I finished this dress first, and I wore it to dinner one night. I am completely and totally in love with this little gingham number, and it was perfect for this trip. It’s linen so it wrinkled quite a bit and required some ironing after we got there, but that’s okay with me. It was so comfortable, and I got loads of nice compliments on it. For more about this dress, see this post.
Full disclosure: I made this dress last summer. I knew it would be a great dress for this trip, and it was. I wore this to the welcome reception on the beach. Loved it. For more about this dress as well as a tip for a better fitting bust, see this post from last week.
I made three tops for this trip, all using the same pattern. This one is my favorite of the bunch. The floral trim is just so pretty! It wasn’t ridiculously hot in Florida yet, so I could still wear jeans and not be uncomfortably hot. My travel outfits and the exploring Miami outfit were the same: one of these tops, skinny jeans, a hat, and sandals. It was great. For more about these tops and a tutorial for the ruffle, see this post.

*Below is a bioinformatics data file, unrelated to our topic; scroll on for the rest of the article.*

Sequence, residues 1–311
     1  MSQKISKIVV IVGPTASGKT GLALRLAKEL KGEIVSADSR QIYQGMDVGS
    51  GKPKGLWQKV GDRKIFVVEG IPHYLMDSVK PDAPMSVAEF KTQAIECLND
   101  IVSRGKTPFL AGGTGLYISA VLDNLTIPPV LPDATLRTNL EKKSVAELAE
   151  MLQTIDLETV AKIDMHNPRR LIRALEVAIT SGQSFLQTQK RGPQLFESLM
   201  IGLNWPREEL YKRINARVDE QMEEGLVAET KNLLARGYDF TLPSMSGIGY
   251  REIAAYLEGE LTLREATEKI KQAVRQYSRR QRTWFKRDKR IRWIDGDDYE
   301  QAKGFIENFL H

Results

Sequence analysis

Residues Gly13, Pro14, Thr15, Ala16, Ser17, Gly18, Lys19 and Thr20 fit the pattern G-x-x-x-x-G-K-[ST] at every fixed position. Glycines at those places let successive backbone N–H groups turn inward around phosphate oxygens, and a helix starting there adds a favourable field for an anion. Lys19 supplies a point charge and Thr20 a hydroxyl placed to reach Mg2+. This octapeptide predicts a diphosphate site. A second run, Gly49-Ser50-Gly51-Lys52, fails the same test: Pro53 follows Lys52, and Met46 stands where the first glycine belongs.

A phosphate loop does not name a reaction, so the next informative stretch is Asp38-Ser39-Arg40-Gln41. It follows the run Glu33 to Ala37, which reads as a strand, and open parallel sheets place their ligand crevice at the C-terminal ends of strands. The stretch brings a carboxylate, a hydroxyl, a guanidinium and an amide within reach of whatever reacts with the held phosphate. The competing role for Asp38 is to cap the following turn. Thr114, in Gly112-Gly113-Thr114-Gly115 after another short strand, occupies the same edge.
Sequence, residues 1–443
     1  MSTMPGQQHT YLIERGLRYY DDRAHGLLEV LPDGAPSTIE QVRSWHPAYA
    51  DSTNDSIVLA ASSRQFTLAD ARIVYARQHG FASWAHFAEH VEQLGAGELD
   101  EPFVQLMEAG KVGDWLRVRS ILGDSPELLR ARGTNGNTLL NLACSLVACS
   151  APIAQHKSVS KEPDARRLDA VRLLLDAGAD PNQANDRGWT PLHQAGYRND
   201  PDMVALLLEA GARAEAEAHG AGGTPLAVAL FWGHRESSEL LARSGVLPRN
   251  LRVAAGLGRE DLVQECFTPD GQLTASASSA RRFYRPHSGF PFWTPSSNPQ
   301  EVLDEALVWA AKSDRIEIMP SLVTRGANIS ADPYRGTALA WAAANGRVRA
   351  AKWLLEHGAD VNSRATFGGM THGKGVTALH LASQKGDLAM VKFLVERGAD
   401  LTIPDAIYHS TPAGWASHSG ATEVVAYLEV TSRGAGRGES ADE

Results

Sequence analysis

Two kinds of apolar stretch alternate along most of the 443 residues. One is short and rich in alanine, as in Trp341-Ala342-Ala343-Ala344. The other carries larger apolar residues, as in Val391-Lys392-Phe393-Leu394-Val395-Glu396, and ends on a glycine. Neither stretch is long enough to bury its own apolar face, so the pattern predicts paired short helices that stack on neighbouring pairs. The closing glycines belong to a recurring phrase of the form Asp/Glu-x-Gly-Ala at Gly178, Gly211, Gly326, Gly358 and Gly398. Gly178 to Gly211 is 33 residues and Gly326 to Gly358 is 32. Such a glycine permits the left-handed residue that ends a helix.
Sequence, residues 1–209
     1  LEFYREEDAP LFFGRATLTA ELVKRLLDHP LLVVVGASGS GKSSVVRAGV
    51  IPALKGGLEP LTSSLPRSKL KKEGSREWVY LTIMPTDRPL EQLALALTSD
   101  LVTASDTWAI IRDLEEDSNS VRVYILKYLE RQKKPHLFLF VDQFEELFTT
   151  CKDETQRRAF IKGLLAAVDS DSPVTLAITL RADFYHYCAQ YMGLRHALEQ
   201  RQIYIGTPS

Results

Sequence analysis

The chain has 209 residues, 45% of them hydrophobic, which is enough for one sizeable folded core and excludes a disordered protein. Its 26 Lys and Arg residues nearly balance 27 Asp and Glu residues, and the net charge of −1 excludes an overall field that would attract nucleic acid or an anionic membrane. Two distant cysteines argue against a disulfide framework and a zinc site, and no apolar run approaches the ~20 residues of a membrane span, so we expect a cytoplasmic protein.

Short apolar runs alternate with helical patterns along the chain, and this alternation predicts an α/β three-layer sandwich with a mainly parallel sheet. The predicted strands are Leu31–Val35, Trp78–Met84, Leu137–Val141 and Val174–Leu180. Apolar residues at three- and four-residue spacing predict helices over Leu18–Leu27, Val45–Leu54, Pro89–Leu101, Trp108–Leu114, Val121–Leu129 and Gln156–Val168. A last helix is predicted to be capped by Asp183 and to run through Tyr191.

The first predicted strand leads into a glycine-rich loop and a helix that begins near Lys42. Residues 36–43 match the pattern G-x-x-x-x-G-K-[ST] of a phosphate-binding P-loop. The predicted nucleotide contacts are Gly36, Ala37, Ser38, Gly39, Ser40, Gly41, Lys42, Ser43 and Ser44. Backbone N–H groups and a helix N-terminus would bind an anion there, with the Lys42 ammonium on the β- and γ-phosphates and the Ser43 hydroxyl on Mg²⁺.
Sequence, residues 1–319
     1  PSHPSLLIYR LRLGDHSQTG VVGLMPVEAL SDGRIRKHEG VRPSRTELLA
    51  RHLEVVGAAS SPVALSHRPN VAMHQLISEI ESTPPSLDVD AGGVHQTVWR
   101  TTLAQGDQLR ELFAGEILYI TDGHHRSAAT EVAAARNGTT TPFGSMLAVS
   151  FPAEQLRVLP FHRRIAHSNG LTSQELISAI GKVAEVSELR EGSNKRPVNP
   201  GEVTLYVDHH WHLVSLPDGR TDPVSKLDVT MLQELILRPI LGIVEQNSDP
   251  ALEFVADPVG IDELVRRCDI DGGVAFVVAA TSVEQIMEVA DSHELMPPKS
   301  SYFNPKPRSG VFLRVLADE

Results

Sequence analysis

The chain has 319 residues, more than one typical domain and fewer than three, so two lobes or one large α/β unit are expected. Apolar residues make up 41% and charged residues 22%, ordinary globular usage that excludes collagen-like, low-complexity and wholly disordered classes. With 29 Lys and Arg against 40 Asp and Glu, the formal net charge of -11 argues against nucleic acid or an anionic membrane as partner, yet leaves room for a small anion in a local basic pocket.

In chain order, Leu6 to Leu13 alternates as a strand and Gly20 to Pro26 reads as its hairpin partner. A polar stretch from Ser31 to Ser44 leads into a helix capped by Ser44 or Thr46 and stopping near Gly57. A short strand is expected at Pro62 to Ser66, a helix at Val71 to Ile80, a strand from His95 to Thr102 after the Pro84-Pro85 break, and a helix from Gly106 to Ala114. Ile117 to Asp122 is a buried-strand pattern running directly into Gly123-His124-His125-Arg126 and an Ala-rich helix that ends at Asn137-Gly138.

The cocktail dress: easily one of my favorite projects. I got more compliments on this dress than I’ve ever gotten on any other project, ever. So not only was I glad other people liked it as much as I did, I was proud to tell them that I made it. (You should have seen some of the reactions that got!) Read about the cocktail dress here.
This is by no means a sundress, but it came in handy for another dinner event. This is one of my all time favorite patterns, and this is fourth time I’ve made this dress. Read about the others here and here. This is Vogue 8825 in a coral rayon ponte knit from Mood.